Intelligence in QDS
- By Xing Quan
- September 27, 2016
The concept of intelligent automation has always played a key role in Qubole Data Service (QDS). It’s one of the main reasons why we can help our customers bring self-service Big Data access across the enterprise. Intelligent automation also plays a big role in the small ops footprint that QDS requires, helping our customers achieve a 1:21 admin to user ratio.
We’ve been busy working on the next generation of intelligent automation, spanning areas such as performance and cost optimization. Today, I’d like to take you through a tour of the QDS product and how intelligent automation plays a role in accelerating Big Data deployments for our customers. I’ll highlight the new areas that we’re investing in (email [email protected] to try out our beta features) and also review how we’ve improved on long-standing features such as auto-scaling.
We recently introduced RubiX as an open source project for caching data read from cloud object storage. RubiX is an example of performance automation without any tuning necessary – QDS provides the best configuration by default. Presto queries with RubiX performed up to 8x faster than directly reading from the object store. RubiX was designed to provide one central caching story across all the SQL engines that QDS supports, including Presto, Hive, and Spark SQL. To optimize for the cloud object store, we completely changed how we cache data, doing so at the file level rather than at the table level. We’re excited to announce that RubiX is now available for Hive for beta access. Going forward, we will also look to utilize the indexing information within data formats to lessen the amount of data that needs to be processed, further improving on performance.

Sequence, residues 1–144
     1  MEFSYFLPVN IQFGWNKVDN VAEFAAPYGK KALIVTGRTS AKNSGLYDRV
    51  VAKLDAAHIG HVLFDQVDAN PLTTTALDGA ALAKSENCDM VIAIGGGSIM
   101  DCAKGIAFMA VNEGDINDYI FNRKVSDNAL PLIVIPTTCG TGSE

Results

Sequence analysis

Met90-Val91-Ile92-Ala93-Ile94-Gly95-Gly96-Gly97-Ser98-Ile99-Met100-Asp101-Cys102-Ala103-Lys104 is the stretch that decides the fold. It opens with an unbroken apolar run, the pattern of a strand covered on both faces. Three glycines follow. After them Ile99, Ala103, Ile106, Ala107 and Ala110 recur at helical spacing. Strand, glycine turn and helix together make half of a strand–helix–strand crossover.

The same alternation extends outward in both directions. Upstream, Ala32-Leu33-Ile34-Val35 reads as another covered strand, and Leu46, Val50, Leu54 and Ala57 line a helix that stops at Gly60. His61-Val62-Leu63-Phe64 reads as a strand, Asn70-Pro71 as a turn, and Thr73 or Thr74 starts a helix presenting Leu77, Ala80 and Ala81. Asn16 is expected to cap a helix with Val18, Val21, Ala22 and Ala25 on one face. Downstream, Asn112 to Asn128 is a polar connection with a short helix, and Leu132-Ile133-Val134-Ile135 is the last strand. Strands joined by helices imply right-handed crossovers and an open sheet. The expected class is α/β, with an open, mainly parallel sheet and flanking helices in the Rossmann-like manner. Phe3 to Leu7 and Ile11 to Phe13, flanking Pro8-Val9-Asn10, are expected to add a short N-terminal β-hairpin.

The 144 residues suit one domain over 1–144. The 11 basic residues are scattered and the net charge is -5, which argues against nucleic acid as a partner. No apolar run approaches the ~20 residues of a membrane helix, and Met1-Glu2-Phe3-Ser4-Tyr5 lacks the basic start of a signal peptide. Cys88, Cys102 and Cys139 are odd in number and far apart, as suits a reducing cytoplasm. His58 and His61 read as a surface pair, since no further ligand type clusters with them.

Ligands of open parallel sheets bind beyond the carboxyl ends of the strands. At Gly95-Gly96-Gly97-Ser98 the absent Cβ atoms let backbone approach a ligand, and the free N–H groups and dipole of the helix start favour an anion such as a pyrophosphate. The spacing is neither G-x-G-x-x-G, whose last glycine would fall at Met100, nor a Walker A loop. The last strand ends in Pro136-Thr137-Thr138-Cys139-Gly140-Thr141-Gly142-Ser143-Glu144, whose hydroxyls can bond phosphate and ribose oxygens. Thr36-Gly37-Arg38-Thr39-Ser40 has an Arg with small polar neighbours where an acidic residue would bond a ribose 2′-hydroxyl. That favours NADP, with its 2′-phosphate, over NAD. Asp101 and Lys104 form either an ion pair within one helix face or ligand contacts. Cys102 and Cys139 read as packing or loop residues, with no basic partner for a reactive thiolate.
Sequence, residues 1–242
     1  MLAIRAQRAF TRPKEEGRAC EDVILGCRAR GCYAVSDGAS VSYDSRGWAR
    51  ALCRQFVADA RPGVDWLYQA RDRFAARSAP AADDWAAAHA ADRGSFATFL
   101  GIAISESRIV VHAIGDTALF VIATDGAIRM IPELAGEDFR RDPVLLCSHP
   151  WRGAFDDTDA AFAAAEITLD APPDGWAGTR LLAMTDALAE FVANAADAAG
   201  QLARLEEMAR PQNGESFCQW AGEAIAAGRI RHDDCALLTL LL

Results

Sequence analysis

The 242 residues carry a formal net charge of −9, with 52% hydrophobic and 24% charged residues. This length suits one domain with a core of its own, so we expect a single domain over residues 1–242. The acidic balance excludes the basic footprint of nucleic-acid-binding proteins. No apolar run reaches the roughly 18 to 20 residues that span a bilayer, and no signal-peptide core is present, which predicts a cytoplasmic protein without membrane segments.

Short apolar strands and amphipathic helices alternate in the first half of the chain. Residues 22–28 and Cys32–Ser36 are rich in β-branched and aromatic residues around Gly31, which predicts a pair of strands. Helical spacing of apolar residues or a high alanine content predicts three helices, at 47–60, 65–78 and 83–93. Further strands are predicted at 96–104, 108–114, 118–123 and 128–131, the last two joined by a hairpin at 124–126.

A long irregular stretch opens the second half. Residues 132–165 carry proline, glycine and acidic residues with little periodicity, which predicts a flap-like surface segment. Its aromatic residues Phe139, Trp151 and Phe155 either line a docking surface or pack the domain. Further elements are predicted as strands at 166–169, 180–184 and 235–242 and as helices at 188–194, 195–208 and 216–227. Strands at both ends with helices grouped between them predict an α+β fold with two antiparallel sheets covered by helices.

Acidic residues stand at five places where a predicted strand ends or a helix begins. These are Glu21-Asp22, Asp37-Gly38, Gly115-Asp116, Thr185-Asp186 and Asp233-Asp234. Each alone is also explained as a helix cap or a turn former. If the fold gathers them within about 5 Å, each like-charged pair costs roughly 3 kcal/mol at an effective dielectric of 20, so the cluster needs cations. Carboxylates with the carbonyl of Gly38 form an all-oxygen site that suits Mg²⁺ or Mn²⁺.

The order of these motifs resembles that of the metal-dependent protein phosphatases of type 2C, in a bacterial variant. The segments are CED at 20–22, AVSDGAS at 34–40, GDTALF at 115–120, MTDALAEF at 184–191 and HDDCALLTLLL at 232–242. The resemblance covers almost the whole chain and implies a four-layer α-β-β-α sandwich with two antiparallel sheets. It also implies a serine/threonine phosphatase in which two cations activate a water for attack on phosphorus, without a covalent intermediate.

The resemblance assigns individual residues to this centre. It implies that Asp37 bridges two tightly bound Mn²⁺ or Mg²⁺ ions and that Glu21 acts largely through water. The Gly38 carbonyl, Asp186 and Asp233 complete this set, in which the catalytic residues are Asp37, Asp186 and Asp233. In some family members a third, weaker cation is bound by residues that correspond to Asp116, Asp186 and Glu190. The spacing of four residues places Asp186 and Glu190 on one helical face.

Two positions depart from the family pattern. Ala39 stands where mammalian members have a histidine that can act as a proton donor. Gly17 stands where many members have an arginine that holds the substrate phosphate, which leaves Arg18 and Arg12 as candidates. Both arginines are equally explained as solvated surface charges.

We’ve also invested a lot into optimizing split computation, both for Hive and Spark SQL. Split computation is one of the most common tasks for distributed big data engines, where work is allocated and divided up for parallel execution. It can be very slow with cloud object stores, and our optimizations can speed up performance of a Spark SQL job by 6.5 times. Our optimizations for split computation are included automatically in the integration with object storage.